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There are many questions here about the use or placement of a comma.

The general rule I learned decades ago was that commas always appear in pairs, never by themselves.
Commas at the beginning of a sentence or next to other punctuation are omitted.

It's a very simple rule that almost always works (the serial comma is a corollary).

Is this rule no longer taught?


While it's handy for verifying correct usage, this rule is much more useful as a means of detecting incorrect usage.

If there is a comma that can't be paired using this rule, it's almost certain that the comma shouldn't be there, or that another comma needs to be added elsewhere.

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    That’s funny Reread your rule…
    – Jim
    Aug 6 at 5:32
  • @Jim, if you're referring to the comma in my second sentence, reread the following sentence. ",never by themselves" is actually ", never by themselves," which produces ",." at the end, which becomes ".". Aug 6 at 14:14
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    Ok, you’ve concocted a way to turn every single-comma’d sentence into one with a second invisible comma.
    – Jim
    Aug 6 at 15:21
  • @Jim. That aspect confirms that the commas are okay. But it's more useful when there is a missing or extra comma. Being unable to play this matching game means that something is wrong. ¶ Consider: Loyalty gave way to desire and Garrett, the turncoat told Sherry what I was up to., where one can't pair the comma. Or see my answer to Is a comma needed after "a, b and c"? Aug 6 at 16:44

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No. If you learned that decades ago, then you learned something incorrect. The prior sentence contains a perfect example of commas not always appearing in pairs. It's quite common for commas to not appear in pairs, probably even more common for them not to.

A few examples of when you do see commas appearing in pairs include when such things appear mid-sentence as:

  • parenthetical words, phrases, and clauses (e.g., "Sam, crying, held me.")
  • vocatives (e.g., "I don't know, Ray, but I'll find out for you.")
  • appositives (e.g., "That boy over there, my brother, is up next.")
  • nonrestrictive clauses (e.g., "The shirt, which was his dad's, was way too big for him.")

Several examples of when you don't see commas appearing in pairs include:

  • introductory modifiers (e.g., "Sadly, I won't be able to attend.")
  • coordinate clauses (e.g., "I hate coming here, yet here I am again.")
  • subordinate clauses (e.g., "If you build it, they will come.")
  • absolute phrases (e.g., "Tom left, his jaw still smarting from Jack's punch.")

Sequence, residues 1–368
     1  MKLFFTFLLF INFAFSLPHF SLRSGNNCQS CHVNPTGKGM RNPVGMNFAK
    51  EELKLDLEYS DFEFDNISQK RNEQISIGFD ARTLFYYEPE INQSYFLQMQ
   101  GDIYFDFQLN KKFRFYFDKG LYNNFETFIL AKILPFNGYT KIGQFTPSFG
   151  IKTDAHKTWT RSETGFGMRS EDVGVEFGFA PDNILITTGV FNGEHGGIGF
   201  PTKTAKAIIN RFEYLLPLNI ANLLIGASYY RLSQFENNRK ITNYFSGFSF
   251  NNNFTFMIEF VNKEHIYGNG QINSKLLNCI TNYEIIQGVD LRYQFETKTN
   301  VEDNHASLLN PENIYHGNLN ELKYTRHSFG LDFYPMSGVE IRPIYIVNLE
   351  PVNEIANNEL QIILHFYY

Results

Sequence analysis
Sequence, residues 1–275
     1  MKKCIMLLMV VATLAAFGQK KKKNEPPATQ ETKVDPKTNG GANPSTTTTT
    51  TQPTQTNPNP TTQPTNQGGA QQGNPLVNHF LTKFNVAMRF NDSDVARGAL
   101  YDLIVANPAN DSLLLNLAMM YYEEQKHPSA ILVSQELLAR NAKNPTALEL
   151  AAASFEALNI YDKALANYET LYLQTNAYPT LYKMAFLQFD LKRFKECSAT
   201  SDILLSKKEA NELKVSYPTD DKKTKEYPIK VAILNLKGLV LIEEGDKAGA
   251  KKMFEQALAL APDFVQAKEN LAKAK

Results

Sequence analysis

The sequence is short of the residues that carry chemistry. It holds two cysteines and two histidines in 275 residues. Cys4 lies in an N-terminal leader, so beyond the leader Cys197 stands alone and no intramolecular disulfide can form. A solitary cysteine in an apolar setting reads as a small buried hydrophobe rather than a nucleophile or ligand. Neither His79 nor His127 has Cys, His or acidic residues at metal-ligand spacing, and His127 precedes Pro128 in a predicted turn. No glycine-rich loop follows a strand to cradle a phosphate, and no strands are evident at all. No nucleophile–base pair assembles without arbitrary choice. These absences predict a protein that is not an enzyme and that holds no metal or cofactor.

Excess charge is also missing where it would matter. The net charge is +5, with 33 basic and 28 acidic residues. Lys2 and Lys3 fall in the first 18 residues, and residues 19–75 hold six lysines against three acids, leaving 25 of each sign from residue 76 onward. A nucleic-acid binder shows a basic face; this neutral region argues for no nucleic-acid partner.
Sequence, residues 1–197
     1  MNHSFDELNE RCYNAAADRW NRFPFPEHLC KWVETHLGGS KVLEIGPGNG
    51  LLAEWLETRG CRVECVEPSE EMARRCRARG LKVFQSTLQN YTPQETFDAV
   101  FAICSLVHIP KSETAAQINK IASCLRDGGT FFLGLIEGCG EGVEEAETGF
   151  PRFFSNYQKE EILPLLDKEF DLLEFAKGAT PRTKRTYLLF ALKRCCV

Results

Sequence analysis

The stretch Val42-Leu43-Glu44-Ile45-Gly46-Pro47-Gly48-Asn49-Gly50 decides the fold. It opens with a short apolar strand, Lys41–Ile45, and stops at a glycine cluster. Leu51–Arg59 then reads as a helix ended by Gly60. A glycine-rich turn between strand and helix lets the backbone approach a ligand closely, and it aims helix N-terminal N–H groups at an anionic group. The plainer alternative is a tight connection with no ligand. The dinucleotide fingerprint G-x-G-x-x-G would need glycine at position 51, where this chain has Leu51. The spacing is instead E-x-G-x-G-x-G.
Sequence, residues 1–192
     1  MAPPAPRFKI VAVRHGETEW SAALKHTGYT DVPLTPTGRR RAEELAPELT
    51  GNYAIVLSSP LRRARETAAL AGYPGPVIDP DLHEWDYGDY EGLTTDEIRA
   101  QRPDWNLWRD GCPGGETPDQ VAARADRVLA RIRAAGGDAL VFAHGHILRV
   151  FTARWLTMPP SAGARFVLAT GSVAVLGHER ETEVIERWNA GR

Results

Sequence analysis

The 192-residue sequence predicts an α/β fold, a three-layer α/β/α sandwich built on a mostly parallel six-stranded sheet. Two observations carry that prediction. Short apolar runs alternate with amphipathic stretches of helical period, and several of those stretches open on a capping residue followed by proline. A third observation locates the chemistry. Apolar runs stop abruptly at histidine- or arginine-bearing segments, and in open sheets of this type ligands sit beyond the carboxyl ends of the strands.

• dates (e.g., "March 10, 1970 is when he was born.")
  • places (e.g., "Albany, New York is where the conference is being held.")

What appears between paired commas is most often nonessential information or not critical to the operation of the sentence, meaning you could pluck it out of the sentence and have the sentence still be completely grammatical and operational, just with a bit less information, information that is likely extraneous or trivial.

So, in short, there are situations in which commas are used in pairs, but it is not now nor has ever been a "general rule," as you put it, that "commas always appear in pairs, never by themselves."

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  • I see the "Albany" and "March" cases simply as examples of conventions for writing dates and addresses (hence my "almost always"). Commas inside numbers would be another example. They are not there for grammatical purposes. ¶ There's a deleted comma before "Sadly" and after "punch". (e.g. "[I'm busy tomorrow, so] sadly, I won't …"). ¶ The "build it" and "yet again" commas are either unnecessary or should be a long dash (to indicate a meaningful pause). Aug 6 at 14:51
  • "That's a baseless and false claim." ??? That numbers are written as ##,###,###.## is a convention, not a rule of grammar. In France it would be "##.###.###,##", in India it's "#,##,##,###.##". ¶ "Corollary" means that the serial comma rule is a consequence of my rule, not a proof of it. ¶ “example: the comma after "say."”. The comma isn't after "say", it is before the quotation. That quotation ends at a period, but if something else had come after the quotation, it would require a matching comma after the quotation. Aug 6 at 22:33
  • We seem to be talking completely different languages. ¶ "neither you nor I were talking about how commas are used in numbers in mathematic expressions", yet in my very first comment I said "Commas inside numbers would be another example. They are not there for grammatical purposes.". ¶ “that's not what "corollary" means”. But it is. A corollary is something that naturally follows from the original rule. As in "A and B" → "A (B) and C "→ "A (B) (C) and D" → … , with the parentheses replaced by commas, producing "A, B, C, and D. The serial comma after the "C" is required by "my" rule. Aug 7 at 0:48
  • If you really want to disprove this rule, rather than arguing with me, simply provide examples of misplaced commas that the rule will fail to detect (keeping in mind that there is an implied comma at the beginning and end of every sentence). Aug 7 at 1:19

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